04 February 2014

A better days birding – Sabkhat Al Fasl

The winter has been very poor in Saudi Arabia for birds so far with my last few visits to Sabkhat Al Fasl producing very little. The trip Phil and I made last weekend was a better days birding, although we failed to find anything significant. We had six Greater Spotted Eagles which although a low number for recent winters is the highest number I have seen at the site this winter. Most birds were distant but one bird flew right overhead giving good views. Other birds of prey included two Eurasian Sparrowhawks and 10+ Western Marsh Harriers including a fine adult male.
Greater Spotted Eagle
Greater Spotted Eagle
Clamorous Reed Warblers were singing loudly at every patch of reeds we passed and must have a very high breeding density here. Plenty of Common Chiffchaffs were seen and heard in the reeds and a male Daurian Shrike was also hunting from the tall reed stems. A few terns were flying over the reed beds with most Caspian Terns but one Gull-billed Tern was also seen.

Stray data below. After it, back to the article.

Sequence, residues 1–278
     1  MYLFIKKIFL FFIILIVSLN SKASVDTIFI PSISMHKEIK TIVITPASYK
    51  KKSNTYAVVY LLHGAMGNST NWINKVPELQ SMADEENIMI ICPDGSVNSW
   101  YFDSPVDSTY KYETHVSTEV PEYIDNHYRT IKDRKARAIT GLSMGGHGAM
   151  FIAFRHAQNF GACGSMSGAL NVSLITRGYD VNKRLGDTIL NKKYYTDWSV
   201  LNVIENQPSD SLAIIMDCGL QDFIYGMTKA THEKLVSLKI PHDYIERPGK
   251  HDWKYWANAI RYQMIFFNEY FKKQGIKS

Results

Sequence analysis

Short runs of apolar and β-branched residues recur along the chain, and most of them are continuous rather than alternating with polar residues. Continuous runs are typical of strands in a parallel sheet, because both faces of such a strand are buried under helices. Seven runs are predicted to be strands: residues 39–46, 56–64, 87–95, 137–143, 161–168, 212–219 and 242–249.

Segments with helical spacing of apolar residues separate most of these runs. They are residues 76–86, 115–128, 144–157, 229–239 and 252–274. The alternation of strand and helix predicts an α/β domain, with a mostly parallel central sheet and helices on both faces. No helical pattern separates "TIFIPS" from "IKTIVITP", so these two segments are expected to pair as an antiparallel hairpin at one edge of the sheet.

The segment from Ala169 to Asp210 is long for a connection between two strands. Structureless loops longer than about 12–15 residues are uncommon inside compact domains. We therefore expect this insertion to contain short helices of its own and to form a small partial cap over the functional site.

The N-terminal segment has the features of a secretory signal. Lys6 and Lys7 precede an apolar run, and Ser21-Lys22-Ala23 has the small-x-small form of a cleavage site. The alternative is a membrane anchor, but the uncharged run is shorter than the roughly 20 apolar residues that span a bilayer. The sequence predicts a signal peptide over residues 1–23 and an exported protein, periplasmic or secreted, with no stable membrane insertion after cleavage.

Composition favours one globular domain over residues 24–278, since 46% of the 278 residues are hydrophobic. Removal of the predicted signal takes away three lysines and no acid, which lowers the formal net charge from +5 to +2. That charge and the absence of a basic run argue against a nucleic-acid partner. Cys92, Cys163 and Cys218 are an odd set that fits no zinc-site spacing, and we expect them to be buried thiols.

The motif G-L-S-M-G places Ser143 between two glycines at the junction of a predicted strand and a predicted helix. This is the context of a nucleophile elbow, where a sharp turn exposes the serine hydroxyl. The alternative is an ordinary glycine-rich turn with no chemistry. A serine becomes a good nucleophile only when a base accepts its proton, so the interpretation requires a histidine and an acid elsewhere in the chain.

Clamorous Reed Warbler
Clamorous Reed Warbler
Common Chiffchaff
Daurian Shrike
Down by the scrape area we had a couple of Song Thrushes one of which stayed long enough for a distant photo. This is the first time I have photographed the species at this location as although I have seen them there before they are shy and retiring birds. In this same area a couple of European Stonechats and two North Caspian Taxon Stonechats were seen and hundreds of Water Pipits were also present. About four Bluethroats were seen with one being a fine Red-spotted male and all were seen above ground level in the red beds.
Song Thrush
North Caspian Taxon Stonechat
Red-spotted Bluethroat
Water Pipit - coutelli

Other birds seen included a large number of Western Great Egrets (20+), two Common Kingfishers, four Common Snipe, twenty Squacco Herons, 14 Western Cattle Egrets, 20+ Little Egrets, one Kentish Plover, one Green Sandpiper and a couple of Little Grebes. Approximately 5000 Greater Flamingos were present on the flooded sabkha which is still at a very high level after all the winter rain. The Flamingos, as can be seen from the photograph below, are wading in the water up to their bellies which is an unusual sight.
Greater Flamingo